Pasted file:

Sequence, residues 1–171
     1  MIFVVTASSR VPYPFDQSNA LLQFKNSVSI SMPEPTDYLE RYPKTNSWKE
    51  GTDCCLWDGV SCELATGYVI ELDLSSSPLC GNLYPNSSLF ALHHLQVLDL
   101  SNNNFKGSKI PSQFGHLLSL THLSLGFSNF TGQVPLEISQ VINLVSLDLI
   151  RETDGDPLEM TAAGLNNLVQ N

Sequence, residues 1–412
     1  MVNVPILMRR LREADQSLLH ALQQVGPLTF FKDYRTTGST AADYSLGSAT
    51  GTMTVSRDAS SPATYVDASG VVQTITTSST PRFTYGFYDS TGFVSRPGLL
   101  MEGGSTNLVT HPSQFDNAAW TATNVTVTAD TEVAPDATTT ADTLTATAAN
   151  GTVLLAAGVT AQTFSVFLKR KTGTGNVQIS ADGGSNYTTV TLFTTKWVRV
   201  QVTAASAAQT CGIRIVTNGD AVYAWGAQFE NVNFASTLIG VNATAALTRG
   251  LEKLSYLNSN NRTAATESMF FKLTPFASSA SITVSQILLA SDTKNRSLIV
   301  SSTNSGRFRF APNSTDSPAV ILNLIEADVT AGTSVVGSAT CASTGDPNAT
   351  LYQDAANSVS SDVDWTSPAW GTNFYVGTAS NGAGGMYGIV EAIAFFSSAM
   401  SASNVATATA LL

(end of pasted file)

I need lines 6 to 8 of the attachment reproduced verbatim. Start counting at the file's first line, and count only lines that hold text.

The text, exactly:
Sequence, residues 1–412
     1  MVNVPILMRR LREADQSLLH ALQQVGPLTF FKDYRTTGST AADYSLGSAT
    51  GTMTVSRDAS SPATYVDASG VVQTITTSST PRFTYGFYDS TGFVSRPGLL